If this is beyond you, just shoot with a yellow filter and set an ISO of half the rated ISO, or an orange filter outdoors and an ISO of one-quarter the rated value.

Shoot your tests through whatever filters you want to use. This way your system is completely calibrated as a system.


27 June 2013, Thursday

NEW: Sony HVL-F43M Flash.


NEW: Sony RX100M.

A new version of the old RX100. The RX-100M is the same thing as the RX100, with WiFi and a slightly different sensor.


NEW: Sony RX1R.

A new version of the old RX1.


25 June 2013, Tuesday

FREE: Tesla e-Book for Kindle.


NEW: Fuji X-M1 Body: $699.95.

A new X-series body for the for the XF lenses with 16.3 MP, a 3" Tilting Screen and WiFi.

It comes in black, in silver, and in brown.

The catch for the low price of the X-M1 is that it has no finder of any kind. It has no optical finder, and no electronic finder, either. It's just a box with a sensor in the front and an LCD in the back that takes the XF lenses.

I prefer the Sexy One for use with XF lenses because its electronic finder is everything, and I prefer my X100S over any of the interchangeable lens versions.

The X-M1 is like the idea behind LEICA MD of 1963 with no finder, intended for use with scientific instruments or the VISOFLEX.


NEW: Fuji X-M1 Body with NEW 16-50mm OIS lens: $799.95.

The new 16-50 lens comes only with this kit.

It also comes in black, in silver, and in brown.


NEW: Fuji XF 27mm f/2.8 (41mm eq.) pancake lens: $449.95.

It comes in black and in silver.


24 June 2013, Tuesday

How to Go Pro

I just updated How to Become a Professional Photographer, and uncovered some new statistics:

In 2010, the US Bureau of Labor Statistics documents that the median pay for photographers is $29,130 per year, or $14 per hour. "Median" pay means that half of photographers make less than this. You'd make the same as a bus driver, day laborer, security guard or a local delivery route driver — and each of those jobs has ten times as many jobs available as there are for photographers.

To make more money, you're far better off as a personal trainer, bug sprayer, massage therapist or secretary, and there are forty times as many secretary jobs as there are for photographers!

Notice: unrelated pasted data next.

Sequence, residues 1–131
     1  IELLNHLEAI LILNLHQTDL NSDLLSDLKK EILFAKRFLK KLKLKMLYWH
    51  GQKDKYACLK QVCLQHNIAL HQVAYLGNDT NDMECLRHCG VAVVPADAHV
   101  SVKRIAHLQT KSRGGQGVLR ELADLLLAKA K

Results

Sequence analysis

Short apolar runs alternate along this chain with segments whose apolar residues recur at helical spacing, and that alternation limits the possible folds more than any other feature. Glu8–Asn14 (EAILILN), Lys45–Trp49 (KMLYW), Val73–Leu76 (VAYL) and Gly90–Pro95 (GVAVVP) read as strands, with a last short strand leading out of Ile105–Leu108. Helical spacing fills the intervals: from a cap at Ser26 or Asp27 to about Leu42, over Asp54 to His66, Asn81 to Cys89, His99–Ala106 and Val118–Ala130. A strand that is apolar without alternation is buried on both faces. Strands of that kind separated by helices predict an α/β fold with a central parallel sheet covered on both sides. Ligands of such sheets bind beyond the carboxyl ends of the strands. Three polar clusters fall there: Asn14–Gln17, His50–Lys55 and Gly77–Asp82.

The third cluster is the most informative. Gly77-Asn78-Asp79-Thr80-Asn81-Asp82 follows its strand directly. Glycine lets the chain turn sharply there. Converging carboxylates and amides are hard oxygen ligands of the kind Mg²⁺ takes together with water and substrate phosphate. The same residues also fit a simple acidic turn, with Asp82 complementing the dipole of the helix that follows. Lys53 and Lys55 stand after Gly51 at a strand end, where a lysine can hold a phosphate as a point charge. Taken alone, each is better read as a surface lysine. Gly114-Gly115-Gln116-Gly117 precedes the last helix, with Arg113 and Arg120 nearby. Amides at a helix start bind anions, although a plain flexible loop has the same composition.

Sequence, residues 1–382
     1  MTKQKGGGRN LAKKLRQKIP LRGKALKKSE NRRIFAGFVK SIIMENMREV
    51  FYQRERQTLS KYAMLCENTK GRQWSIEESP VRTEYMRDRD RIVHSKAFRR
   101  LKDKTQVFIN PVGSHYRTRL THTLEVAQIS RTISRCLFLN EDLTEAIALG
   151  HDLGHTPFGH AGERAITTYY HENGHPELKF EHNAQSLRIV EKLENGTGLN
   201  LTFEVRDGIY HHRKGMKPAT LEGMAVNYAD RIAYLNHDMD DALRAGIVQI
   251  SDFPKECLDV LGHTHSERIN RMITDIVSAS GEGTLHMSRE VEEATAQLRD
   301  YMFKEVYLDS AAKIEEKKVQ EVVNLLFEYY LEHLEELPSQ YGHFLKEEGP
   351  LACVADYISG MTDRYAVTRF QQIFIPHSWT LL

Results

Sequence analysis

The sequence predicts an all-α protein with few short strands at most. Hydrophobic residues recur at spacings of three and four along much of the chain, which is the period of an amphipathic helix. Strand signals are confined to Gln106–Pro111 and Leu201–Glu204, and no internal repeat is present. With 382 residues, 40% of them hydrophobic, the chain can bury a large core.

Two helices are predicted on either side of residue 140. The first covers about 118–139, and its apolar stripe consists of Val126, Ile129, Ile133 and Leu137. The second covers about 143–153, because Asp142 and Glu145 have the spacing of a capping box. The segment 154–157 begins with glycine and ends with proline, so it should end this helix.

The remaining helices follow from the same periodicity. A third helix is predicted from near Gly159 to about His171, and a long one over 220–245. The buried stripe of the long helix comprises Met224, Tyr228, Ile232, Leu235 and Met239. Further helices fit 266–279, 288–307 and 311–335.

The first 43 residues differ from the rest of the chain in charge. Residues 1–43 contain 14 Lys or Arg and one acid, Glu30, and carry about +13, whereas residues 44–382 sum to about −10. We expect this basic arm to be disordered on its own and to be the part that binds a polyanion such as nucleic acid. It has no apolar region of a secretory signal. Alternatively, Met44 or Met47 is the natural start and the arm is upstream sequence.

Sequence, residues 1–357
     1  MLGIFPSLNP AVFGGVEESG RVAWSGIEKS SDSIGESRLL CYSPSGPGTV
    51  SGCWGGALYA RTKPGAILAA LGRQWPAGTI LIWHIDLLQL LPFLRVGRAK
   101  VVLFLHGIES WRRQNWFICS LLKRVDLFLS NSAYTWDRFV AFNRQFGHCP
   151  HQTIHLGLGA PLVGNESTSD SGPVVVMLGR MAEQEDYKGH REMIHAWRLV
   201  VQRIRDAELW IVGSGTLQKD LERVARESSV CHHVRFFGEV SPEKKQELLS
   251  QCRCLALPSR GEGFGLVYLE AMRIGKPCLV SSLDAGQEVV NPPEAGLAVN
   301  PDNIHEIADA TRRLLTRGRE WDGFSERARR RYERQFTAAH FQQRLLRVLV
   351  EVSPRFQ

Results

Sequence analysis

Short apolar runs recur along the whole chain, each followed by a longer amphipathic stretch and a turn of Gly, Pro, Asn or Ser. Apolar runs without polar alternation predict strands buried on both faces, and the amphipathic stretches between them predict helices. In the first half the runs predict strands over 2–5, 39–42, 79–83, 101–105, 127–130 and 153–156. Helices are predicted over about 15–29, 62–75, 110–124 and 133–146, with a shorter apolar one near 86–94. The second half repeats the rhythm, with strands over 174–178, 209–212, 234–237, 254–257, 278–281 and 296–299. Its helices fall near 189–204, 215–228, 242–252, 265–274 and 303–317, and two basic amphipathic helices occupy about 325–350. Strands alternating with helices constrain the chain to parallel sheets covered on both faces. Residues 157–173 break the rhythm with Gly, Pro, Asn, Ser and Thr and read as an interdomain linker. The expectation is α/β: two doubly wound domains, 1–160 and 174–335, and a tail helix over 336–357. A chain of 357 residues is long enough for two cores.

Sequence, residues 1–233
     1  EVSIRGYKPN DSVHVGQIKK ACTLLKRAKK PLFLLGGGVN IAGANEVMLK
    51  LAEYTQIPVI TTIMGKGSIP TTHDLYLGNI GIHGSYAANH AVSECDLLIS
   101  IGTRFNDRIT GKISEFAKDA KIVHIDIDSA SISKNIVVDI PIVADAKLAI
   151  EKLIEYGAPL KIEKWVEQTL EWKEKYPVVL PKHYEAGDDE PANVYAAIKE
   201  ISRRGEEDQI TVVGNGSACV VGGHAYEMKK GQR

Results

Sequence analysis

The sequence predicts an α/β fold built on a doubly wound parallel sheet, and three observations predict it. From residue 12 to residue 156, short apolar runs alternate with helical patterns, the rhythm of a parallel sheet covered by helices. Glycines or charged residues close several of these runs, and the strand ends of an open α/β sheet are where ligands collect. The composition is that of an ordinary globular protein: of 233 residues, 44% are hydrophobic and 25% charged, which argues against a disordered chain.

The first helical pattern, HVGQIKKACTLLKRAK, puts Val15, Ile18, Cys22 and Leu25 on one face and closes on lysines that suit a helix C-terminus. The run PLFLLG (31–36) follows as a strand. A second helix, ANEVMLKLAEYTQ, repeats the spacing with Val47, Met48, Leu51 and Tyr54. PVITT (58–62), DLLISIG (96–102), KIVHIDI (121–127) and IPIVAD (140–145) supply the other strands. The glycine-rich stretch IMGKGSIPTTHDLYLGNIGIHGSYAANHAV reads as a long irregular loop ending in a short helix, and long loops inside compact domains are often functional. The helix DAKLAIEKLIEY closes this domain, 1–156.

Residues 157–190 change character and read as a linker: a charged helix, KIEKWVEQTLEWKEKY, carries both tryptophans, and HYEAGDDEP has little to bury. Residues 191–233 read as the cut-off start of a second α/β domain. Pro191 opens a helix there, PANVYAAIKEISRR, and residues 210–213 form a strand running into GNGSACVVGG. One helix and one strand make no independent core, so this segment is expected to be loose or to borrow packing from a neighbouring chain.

Get a real job like a cop or fireman and make twice as much - and there are also ten times as many of those jobs. Try being a farmer, who also makes twice as much as a photographer, and there are ten times as many farmer jobs as photographer jobs. Most other real jobs, like electricians, do much better than photographers.

Honestly, its difficult to find a lower paying job than being a photographer, and since there are so few photographer jobs, good luck!

Why try to become a photographer for low pay when there are so few jobs, when there are twenty times as many jobs as a top level executive — and they pay over $101, 000 per year! Honestly, you're twenty times as likely to become a CEO, CFO or Senior Vice President as you are to find a photographer job, so get real and enjoy photography as a hobby.


Why Jobs in Photography Pay Poorly

Photography is Not a Profession. Anyone can call themselves a professional photographer. There are no licenses and not even a college degree — or even high school — required. Therefore, you're competing against everyone else with a camera who'll do the job for free just to get the publicity.

Digital killed pro photography. When everyone can do it themselves or get the neighbor's kid to do it for free, forget trying to charge for it unless you are both extraordinarily talented and a top-drawer sales and marketing guy.


21 June 2013, Friday

Am I Dead Yet?

Not quite yet — I've been working on a big project for you guys all this past week. I hope to have it done next week. With that, here are some deals for you:

DEAL: Perfectly Good Tripod for $5.95.

DEAL: Canon T3i, 18-55mm, 55-250mm IS and PIXMA Pro-100 Printer + Photopaper $599.00. (Click on buy together & save and select the bundle, Expires 7/1/2013) Free Shipping!

DEAL: Lowepro SlingShot 102 AW: $49.99. Use coupon code: S4595955 during check-out, Expires 7/1/2013. Free Shipping!

DEAL: Canon EF-S 18-200mm f/3.5-5.6 IS (refurbished) and $50 Adorama Gift Card: $379.00 with free shipping! (Expires 6/29/2013).


14 June 2013, Flag Day

NEW: Minolta 100mm f/2.8 Macro Review.

Minolta 100mm f/2.8 Review

Minolta 100mm f/2.8 Macro.

Holy cow, this one caught me completely by surprise: for DSLRs, it's optically perfect!

Yes its' sharp, but it also has better sunstars than any other macro, and also unlike other 100mm or 105mm macro from anyone I've ever tested, it has no measurable distortion at any distance.



13 June 2013, Thursday

Dads and Doughnuts

Dads and Doughnuts

Dads and Doughnuts. bigger.

Just got back from school; nothing beats my Fuji X100S when it comes to people shots under any conditions, and it's tiny enough to take everywhere.


12 June 2013, Wednesday

Hot Video Tip

When We Left Earth

Y'all keep asking me about where to find my Apollo XI coverage, which started here.

As a kid, we all watched this live as it unfolded, and it changed us forever. We know that nothing is impossible.